Jodie Foster has starred in her share of excellent thrillers (The Silence of the Lambs, Flightplan), and this year she directed the nail-biting thriller Money Monster, a creative venture which is blessed with a top notch script from Jamie Linden and an A-list cast (George Clooney, Julia Roberts, Jack O’Connell). Paying a slight homage to the Sidney Lumet, New York set dramas from the 1970s (most notably Network), Money Monster is a movie that thankfully doesn’t let up on the adrenaline.
Financial TV host Lee Gates (George Clooney) is a cynical shill whose successful program Money Monster gives viewers stock and investment tips. Even if his tips end up being horrible financial advice to his captive audience, Gates remains undeterred and continues to persuade his fans to keep following his lead. When a disgruntled and somewhat mentally unhinged investor named Kyle (Jack O’Connell) sneaks into the news station to hold Lee and his crew hostage (Julia Roberts is Patty, the producer of Money Monster), Lee’s devil may care lifestyle, as well as the lives of his fellow employees may come to a tragic end. What starts off as a tense standoff between Kyle and Lee evolves into actually finding out the culprit behind an $800 million conspiracy. A melange of thriller, comedy, and melodramatic elements, Money Monster is a tight, 99-minute narrative which doesn’t disappoint. As the frustrated and down on his luck investor, O’Connell delivers the film’s most memorable performance while Clooney and Roberts‘ age old chemistry is also on display.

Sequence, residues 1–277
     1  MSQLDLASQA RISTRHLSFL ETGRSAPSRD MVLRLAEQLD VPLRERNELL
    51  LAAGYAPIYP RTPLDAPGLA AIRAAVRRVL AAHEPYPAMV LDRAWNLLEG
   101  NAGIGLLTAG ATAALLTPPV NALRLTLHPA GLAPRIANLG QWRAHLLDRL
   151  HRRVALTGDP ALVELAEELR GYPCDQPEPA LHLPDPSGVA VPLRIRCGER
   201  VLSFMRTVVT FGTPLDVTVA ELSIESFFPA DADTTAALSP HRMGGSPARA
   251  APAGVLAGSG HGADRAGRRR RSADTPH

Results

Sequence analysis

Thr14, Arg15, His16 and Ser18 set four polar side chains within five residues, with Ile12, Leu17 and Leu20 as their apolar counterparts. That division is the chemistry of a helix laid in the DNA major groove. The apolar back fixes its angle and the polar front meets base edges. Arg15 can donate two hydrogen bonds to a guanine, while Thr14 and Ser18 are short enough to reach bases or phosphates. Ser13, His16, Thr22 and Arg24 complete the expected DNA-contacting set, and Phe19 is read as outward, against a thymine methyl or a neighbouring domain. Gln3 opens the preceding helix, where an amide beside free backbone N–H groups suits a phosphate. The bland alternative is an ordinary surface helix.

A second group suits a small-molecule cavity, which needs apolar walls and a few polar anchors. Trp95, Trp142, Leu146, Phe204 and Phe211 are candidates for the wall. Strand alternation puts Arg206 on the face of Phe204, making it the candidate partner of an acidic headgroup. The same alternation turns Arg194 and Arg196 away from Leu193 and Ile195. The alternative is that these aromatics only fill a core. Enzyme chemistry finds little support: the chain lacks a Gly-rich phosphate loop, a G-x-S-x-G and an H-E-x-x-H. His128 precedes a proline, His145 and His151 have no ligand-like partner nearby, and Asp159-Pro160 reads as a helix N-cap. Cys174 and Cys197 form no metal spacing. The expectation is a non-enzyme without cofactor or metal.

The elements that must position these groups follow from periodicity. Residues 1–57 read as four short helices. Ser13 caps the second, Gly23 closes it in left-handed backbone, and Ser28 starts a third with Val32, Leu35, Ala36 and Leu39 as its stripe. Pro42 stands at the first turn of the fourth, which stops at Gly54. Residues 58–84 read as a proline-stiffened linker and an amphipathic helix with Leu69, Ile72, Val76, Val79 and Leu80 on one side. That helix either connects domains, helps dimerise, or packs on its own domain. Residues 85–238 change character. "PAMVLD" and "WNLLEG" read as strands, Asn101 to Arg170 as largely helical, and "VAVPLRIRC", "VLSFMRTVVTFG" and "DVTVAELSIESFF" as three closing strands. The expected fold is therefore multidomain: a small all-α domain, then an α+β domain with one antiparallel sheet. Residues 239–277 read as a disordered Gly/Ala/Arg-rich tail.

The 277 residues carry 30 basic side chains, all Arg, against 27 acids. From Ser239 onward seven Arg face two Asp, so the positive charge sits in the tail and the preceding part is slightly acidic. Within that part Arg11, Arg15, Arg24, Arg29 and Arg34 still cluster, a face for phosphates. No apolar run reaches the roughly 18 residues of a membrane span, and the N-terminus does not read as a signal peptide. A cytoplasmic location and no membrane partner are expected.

Interviews with Jodie Foster, George Clooney, Jack O’Connell, the film’s producers, and writer Jamie Linden are sprinkled throughout the extras. Special features on the Blu-ray include:
1. Deleted Scenes (2:23) – Three scenes overall, with one of them being an alternate opening to the film.
2. “George Clooney: The Money Man” (5:28) – A featurette on the actor but also a look into Lee Gates’ evolution throughout the story.
3.”Inside The Pressure Cooker” (9:56) – An interesting look at the challenges of making the film, as the production featured both broadcast and film cameras (director Jodie Foster breaks down the difference between the two). Foster also adds that Clooney and Roberts actually only spent two days working together on the production, as most of their scenes were shot separately.
4. “Analysis of a Scene: The Showdown” (7:10) – A breakdown of shooting the third act of Money Monster in New York’s Financial District. The ambitious sequence was a logistical challenge for Foster and her crew, and these scenes were shot over four weekends in New York.
Money Monster is now out on Blu-ray and DVD via Sony Pictures Home Entertainment.